Published November 20, 2014
Roger Federer prevailed in a battle between the world's top two ranked players, posting a 6-0, 7-6 (9-7) victory over Novak Djokovic in Sunday's final at the $2.825 million Western & Southern Open.
The top-seeded Federer fired eight aces on his way to becoming the first five- time winner in the Open Era at this event. He also titled in 2005, 2007, 2009 and 2010.
"It's great coming back here. I've been able to win five. It's obviously incredible because I remember the first few here I struggled," said Federer. "Now looking back it's just unbelievable. Plus this was probably the best week ever here in Cincinnati for me, never dropping my serve and all that stuff and beating Novak in the final. This was very sweet. No doubt about it."
Djokovic, on the other hand, lost in the final for the fourth time in five years. A sore shoulder forced him to quit in the Cincinnati final last year, giving the title to Andy Murray.
After the opening set lasted a mere 20 minutes, Djokovic battled back to force a tiebreak in a much more competitive second set. The second-seeded Serb went up 7-6, but an overhead smash by Federer evened the tiebreak. Federer then closed out the match with consecutive forehand winners.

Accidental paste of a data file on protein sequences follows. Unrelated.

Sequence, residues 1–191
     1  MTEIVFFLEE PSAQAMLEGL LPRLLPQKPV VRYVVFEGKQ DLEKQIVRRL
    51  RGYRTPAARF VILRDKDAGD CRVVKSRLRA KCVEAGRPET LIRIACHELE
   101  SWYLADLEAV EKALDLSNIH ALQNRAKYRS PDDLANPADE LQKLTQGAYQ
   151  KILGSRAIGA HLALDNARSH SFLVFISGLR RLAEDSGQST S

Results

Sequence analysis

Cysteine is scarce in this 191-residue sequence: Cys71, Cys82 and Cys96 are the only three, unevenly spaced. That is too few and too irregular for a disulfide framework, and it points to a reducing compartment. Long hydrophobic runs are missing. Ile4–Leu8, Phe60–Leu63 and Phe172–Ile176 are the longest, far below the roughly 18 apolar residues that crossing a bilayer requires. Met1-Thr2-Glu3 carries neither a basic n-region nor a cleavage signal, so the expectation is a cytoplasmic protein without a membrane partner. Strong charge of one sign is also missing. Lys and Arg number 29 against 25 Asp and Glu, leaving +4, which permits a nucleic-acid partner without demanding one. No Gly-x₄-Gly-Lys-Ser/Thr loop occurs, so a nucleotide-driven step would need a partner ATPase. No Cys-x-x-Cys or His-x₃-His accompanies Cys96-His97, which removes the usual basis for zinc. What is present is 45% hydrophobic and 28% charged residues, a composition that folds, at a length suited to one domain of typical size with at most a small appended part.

Djokovic, who committed four of his five double faults in the sluggish first set, had his hard court winning streak snapped at 15 matches and was fresh off winning the Rogers Cup in Toronto last Sunday night.
Federer rebounded nicely from losing in straight sets to Murray in the gold medal match at the London Olympics two weeks ago. He did not drop a set in the tournament and went the entire week without having his serve broken.
"He was using it very efficiently and putting a lot pressure on my serve," said Djokovic, who wasn't able to force a single break point.
Federer captured his sixth title of the year and 76th of his illustrious career. He also tied Rafael Nadal for the most ATP World Tour Masters 1000 titles with 21.
Sunday's triumph improved Federer's career record against Djokovic to 16-12, including a 4-3 mark in title matches.